TWW to Inspect Fire Hydrants and Flush Water Mains Throughout Its System
Trenton, N.J. — Trenton Water Works will conduct two routine, water-industry-standard procedures in its five-municipality service area in the days ahead: inspection of fire hydrants for optimum fire protection and unidirectional flushing to maintain high water quality.
"We conduct fire hydrant inspections annually to ensure operability and appropriate pressure. Fire protection is a critical part of our mission," said Michael Walker, Chief of Communications and Community Relations at Trenton Water Works, which is operated by the city’s Department of Water & Sewer. "Our water-distribution-system technicians use unidirectional flushing to clear 4 to 16-inch water mains of sediment and other pipe deposits, which maintains high water quality."
Fire Hydrant Inspections
Beginning in Trenton on March 16, TWW’s construction and maintenance unit will begin inspecting 3,501 fire hydrants system-wide for mechanical operability, pressure and appearance. This year, hydrants will be sandblasted and color-coated to indicate total flow volume in gallons per minute. The schedule is as follows: Trenton, March 16 to May 24; Ewing Township, May 25 to June 7; Lawrence Township, June 8-21; Hamilton Township, June 22 to July 5; and Hopewell Township, July 7-20.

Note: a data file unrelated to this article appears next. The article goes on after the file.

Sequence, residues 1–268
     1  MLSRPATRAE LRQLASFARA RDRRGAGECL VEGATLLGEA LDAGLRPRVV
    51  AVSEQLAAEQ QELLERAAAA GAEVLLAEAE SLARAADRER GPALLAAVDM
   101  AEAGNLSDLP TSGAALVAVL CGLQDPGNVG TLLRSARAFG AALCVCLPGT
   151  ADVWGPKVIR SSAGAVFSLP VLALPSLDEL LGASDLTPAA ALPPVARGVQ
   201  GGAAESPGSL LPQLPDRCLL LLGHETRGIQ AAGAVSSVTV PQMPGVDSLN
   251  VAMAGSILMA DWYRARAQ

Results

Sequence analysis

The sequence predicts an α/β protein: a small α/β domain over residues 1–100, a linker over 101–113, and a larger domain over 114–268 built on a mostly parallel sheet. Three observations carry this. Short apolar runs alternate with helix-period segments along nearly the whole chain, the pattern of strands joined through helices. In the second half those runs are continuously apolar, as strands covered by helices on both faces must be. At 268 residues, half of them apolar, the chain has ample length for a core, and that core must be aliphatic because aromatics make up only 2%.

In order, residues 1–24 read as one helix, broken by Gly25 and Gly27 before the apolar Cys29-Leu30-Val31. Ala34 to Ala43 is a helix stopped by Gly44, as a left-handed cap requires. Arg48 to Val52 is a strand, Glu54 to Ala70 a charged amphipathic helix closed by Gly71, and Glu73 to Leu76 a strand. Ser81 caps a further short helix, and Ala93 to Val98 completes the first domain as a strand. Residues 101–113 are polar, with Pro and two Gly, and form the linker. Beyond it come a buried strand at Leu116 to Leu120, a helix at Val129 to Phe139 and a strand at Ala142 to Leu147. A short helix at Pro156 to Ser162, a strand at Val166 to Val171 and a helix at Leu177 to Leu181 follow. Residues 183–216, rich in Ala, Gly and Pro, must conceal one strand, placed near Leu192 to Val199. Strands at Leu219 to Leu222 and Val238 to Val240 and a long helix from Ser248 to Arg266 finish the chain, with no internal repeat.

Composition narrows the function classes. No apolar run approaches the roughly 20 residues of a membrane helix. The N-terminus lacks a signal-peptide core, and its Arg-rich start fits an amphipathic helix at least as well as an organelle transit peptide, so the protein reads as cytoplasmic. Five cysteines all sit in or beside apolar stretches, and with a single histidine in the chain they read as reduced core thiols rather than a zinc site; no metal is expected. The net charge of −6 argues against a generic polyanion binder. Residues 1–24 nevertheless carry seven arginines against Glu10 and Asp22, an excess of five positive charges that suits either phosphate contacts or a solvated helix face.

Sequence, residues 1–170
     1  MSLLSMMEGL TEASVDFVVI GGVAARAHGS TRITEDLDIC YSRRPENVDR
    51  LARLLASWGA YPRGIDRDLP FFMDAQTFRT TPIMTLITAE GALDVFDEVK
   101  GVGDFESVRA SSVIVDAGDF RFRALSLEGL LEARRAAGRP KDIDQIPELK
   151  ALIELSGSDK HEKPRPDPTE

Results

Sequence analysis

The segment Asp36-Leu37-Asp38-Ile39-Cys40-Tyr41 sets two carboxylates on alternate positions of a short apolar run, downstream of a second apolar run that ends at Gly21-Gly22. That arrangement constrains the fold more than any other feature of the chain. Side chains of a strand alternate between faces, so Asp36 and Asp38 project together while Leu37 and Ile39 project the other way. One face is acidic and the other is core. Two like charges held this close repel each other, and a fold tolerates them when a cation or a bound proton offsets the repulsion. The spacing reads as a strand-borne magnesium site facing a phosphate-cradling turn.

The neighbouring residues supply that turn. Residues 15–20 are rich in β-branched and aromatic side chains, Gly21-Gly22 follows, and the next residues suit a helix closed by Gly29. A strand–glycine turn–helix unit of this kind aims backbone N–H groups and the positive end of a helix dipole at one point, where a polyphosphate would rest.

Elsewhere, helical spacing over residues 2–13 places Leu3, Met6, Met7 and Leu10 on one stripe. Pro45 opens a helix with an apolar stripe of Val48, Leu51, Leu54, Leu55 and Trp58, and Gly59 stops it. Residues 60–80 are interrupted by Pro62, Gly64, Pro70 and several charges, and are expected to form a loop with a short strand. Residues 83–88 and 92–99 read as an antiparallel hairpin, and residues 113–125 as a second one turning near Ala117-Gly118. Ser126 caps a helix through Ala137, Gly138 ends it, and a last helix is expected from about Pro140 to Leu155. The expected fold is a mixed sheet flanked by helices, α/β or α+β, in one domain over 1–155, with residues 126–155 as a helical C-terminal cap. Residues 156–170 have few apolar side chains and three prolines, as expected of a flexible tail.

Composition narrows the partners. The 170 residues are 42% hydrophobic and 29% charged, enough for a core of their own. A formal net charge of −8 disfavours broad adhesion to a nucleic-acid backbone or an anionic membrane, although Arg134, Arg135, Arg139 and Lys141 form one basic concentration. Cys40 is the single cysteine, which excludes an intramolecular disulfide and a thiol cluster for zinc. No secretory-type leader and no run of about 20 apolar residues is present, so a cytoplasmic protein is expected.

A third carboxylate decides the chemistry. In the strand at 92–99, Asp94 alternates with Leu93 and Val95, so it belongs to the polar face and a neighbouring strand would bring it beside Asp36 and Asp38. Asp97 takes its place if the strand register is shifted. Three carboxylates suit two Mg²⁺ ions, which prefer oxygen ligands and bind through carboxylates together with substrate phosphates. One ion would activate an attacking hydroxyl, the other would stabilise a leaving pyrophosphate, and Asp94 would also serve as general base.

Unidirectional Flushing (UDF)
Starting on April 6, TWW’s water-distribution technicians will operate valves and open fire hydrants to flush water mains and clear them of sediment and other deposits, a process that maintains high water quality. The work will be conducted Monday to Thursday evenings, between 8 p.m. and midnight, to minimize inconvenience to residents. The UDF schedule is as follows: Ewing Township, April 6-30; Hopewell Township, May 4-28; Lawrence Township, June 1-30; Hamilton Township, July 6 to August 30; and Trenton, September 1-30.
Hydrant inspections and high-velocity, water-main flushing may cause temporary water discoloration, also called "brown water.” This is when deposits from iron pipes dissolve into the water delivered to the tap. In these situations, we recommend that residents do not drink, cook or do laundry with brown water, and run the cold tap until the water is clear.
"We expect minimal inconvenience to our service-area residents,” stressed Walker. “However, some may experience brown water, a temporary condition when fire hydrants are opened. You can easily restore clarity by allowing the tap closest to the home’s water meter to run for at least 10 minutes until the water runs clear.”
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Photo Caption: A TWW water-distribution system technician tests a fire hydrant in Hamilton Township. Photo Credit: Michael Walker – Trenton Water Works